Henry Kissinger, War Oracle

I’m always puzzled, and more than a little annoyed, when I see established media outlets give former Secretary of State Henry Kissinger space to write about the Vietnam War and its lessons. I cannot fathom why he is looked upon as an oracle about matters of war and peace. It’s akin to asking the designer of the Edsel for advice on the next generation of automobiles. What we’re likely to get is a blueprint for a fleet of gas-guzzling, environmentally polluting monster SUV’s.

So I wasn’t surprised that Newsweek magazine gave Kissinger two pages in its November 3 issue to expound on “What Vietnam Teaches Us.” To my way of thinking the war should have taught us not to put people like Henry Kissinger in charge of matters of life and death. But, of course, that’s now how Henry the K sees it.

“Entered into with a brash self-confidence after a decade and a half of creative and successful foreign policy, our engagement ended with America as divided as it had not been since the Civil War, ” he starts out. Here Kissinger conveniently neglects to mention that the nation was divided so deeply and bitterly primarily because of his policies that dragged out the Vietnam War for four long years at a cost of some 20, 000 American lives and no one knows how many hundreds of thousands of Vietnamese.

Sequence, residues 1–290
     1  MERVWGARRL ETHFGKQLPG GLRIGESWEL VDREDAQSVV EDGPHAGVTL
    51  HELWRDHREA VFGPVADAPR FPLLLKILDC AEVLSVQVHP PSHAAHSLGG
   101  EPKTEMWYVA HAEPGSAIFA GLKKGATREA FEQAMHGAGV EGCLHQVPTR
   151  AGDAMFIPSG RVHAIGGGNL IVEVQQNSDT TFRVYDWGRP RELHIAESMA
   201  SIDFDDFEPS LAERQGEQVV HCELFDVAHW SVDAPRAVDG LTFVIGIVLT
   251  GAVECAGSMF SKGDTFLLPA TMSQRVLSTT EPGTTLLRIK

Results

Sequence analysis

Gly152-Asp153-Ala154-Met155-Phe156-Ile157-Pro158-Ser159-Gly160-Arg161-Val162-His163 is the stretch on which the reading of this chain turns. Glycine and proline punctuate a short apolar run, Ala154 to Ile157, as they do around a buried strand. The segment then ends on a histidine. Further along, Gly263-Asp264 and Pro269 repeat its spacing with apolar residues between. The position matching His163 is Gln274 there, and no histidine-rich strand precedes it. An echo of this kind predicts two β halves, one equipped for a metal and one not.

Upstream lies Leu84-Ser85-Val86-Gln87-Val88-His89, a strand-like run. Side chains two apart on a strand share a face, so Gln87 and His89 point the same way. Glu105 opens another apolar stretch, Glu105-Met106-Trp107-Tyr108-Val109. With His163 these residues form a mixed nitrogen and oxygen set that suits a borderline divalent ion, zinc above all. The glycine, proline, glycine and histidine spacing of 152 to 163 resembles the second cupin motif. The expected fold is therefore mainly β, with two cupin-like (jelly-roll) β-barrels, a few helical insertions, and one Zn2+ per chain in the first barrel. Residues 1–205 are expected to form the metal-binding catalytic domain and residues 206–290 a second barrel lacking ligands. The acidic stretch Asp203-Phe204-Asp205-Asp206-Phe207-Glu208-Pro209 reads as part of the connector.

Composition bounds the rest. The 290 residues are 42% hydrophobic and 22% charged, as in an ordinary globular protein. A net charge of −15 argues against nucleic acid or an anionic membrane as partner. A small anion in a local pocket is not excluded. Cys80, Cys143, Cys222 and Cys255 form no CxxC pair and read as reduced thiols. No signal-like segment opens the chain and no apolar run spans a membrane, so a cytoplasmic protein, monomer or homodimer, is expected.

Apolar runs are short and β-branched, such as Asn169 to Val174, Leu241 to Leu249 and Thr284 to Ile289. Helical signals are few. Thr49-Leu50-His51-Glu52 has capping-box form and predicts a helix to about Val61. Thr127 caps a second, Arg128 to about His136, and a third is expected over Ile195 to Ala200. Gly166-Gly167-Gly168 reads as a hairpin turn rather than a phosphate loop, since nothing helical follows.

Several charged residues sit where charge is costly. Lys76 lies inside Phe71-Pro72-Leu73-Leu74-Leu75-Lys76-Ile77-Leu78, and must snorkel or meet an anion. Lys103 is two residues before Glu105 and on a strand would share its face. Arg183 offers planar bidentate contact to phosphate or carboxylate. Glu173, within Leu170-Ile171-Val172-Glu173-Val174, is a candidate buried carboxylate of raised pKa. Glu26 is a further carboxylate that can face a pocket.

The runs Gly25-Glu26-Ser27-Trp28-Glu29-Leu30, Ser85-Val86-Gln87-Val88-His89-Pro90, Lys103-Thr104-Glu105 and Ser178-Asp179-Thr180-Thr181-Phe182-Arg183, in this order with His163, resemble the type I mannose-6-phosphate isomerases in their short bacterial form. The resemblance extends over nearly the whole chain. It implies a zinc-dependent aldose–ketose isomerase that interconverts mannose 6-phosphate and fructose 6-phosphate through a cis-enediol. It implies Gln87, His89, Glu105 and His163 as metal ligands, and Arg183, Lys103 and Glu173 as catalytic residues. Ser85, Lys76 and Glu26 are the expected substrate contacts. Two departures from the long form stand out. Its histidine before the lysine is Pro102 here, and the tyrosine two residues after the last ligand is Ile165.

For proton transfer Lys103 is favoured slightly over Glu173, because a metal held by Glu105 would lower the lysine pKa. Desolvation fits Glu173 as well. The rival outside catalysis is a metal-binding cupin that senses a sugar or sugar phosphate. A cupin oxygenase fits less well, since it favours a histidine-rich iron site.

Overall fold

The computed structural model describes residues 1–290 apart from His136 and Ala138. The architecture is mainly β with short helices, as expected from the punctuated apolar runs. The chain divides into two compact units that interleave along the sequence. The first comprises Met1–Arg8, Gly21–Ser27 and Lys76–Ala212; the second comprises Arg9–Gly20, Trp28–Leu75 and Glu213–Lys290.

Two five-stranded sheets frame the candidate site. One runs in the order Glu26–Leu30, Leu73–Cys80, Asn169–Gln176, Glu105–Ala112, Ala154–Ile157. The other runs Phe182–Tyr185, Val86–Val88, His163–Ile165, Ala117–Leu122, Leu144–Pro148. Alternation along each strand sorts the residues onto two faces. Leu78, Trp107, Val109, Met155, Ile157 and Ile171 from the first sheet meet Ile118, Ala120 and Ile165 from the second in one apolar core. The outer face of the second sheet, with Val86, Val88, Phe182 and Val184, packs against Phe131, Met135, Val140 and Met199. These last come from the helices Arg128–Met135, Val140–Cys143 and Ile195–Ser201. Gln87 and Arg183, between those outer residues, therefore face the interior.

Then Kissinger starts pointing fingers–not at himself, of course, but at Congress. Because of the nation being so divided, he says, “Congress cut off aid to Vietnam two years after the troops had been withdrawn, and the last Americans left Saigon (now Ho Chi Minh City) by helicopter from the roof of our embassy.” Blaming Congress for losing the war by ending American aid to Vietnam years after the overwhelming majority of Americans wanted to wash their collective hands of that war has been Kissinger’s M.O. since leaving office in disgrace.

It’s a bankrupt argument, but one Kissinger has espoused in his own self-serving books and in newspaper and magazine articles, including the new one in Newsweek . If, for some reason, you want to read the article, which contains a review of a recent book about JFK and LBJ Vietnam War adviser McGeorge Bundy, it’s on line. Click here.


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